Bildt: 'We can't agree on everything'

Swedish FM You cant c

December 9, 2009 09:45
3 minute read.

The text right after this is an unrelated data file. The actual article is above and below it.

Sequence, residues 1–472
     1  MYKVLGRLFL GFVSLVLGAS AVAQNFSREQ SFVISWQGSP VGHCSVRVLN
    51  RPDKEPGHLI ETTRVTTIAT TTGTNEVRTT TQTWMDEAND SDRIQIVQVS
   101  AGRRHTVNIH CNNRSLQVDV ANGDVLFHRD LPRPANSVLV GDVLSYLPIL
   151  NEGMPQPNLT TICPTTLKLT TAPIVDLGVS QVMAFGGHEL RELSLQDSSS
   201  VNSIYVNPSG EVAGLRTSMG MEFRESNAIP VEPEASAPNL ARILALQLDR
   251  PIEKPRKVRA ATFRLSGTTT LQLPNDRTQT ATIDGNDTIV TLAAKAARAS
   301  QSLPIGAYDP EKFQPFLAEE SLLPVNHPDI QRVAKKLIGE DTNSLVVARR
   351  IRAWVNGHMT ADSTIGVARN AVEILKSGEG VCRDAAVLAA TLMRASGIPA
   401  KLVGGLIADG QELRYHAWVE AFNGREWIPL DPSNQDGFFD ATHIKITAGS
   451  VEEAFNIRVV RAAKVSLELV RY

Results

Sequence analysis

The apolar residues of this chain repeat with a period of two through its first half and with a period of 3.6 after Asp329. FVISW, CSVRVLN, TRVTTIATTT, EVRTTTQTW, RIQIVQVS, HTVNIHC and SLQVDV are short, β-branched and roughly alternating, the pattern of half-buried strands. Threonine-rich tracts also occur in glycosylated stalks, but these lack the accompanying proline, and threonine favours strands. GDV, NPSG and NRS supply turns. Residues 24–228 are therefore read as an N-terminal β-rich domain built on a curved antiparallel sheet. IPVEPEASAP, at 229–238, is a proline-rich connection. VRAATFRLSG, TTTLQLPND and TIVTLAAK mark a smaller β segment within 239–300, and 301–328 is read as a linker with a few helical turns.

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Swedish Foreign Minister Carl Bildt on Wednesday morning denied that "any fundamental changes" had been made to a European Union statement on the Middle East, which stopped short of recognizing east Jerusalem as the capital of a future Palestinian state. "That was the intention all the while," Bildt told Army Radio, adding that the original draft, which was proposed by Sweden, had unwaveringly aimed to recognize Jerusalem as the capital of two states, contrary to recent reports. Sweden currently holds the rotating presidency of the EU. Bildt decried Israeli criticism of the Swedish government, and added, "I understand [Israel] hasn't been entirely happy with [US] President [Barack] Obama either. You can't expect us to agree on everything. We have to have an independent line, and we do have that. I have no problem being pro-Palestinian; I have no problem being pro-Israeli. I am pro-peace." Foreign Minister Avigdor Lieberman was less positive in his attitude to the Swedes and their initiative, insinuating that Bildt's diplomacy was merely a cry for attention. "I think there was an attempt not to pass a resolution but to snatch a resolution by the Swedish foreign minister," Lieberman told Israel Radio on Wednesday morning, elaborating that as Sweden is ending its term as president of the European Union "with no achievements and without making significant changes," Bildt "tried to steal the show and snatch the resolution. But it didn't work." Regarding Tuesday's meeting of EU foreign ministers, at which the watered-down resolution was passed, Bildt said that "quite a number of different issues" had been brought up, including Jerusalem, which he called "one of the most critical" matters. Final-status borders and the matter of refugees were also discussed. The final text, hammered out at a meeting in Brussels attended by the EU's 27 foreign ministers, also expunged a reference to the Palestinian Authority as "Palestine," and gave more credit than the original text to Prime Minister Binyamin Netanyahu for his declaration of a 10-month housing-start moratorium in the West Bank. "Encouraging further concrete confidence building measures, the Council takes positive note of the recent decision of the Government of Israel on a partial and temporary settlement freeze as a first step in the right direction and hopes that it will contribute towards a resumption of meaningful negotiations," the new text reads. However, the text did not, as Israel had hoped, call on the Palestinians to return immediately to the negotiating table. This omission was highlighted in the statement released by the Foreign Ministry, following the EU's publication of the text. "The Statement by the Council of Foreign Ministers of the European Union ignores the primary obstacle to achieving a resolution between Israel and the Palestinians: the Palestinian refusal to return to the negotiating table," the statement said. "Given the Israeli government's efforts to renew the negotiations, Israel regrets that the EU has chosen to adopt a text that, although containing nothing new, does not contribute to the renewal of negotiations." The statement then went on to welcome the new text, while slamming the Swedes for putting forward an "extreme" proposal. "In light of the extreme draft originally presented by the Swedish presidency at the start of discussions, Israel does welcome the fact that at the end of the process the voices of the responsible and reasonable EU states prevailed, balancing and improving the text," the statement said. The Foreign Ministry statement acknowledged that the new text took notice of measures Israel has taken to enable a renewal of negotiations, called for an end to arms smuggling into Gaza, and reiterated its commitment toward Israel's security and integration into the region. Among the leading countries who worked against the Swedish proposal were Italy, the Czech Republic, Romania, Hungary, Poland and - to a certain degree - France and Germany. The Swedes were supported in efforts to get the proposal passed by England, Ireland, Luxembourg and Portugal. Herb Keinon contributed to this report

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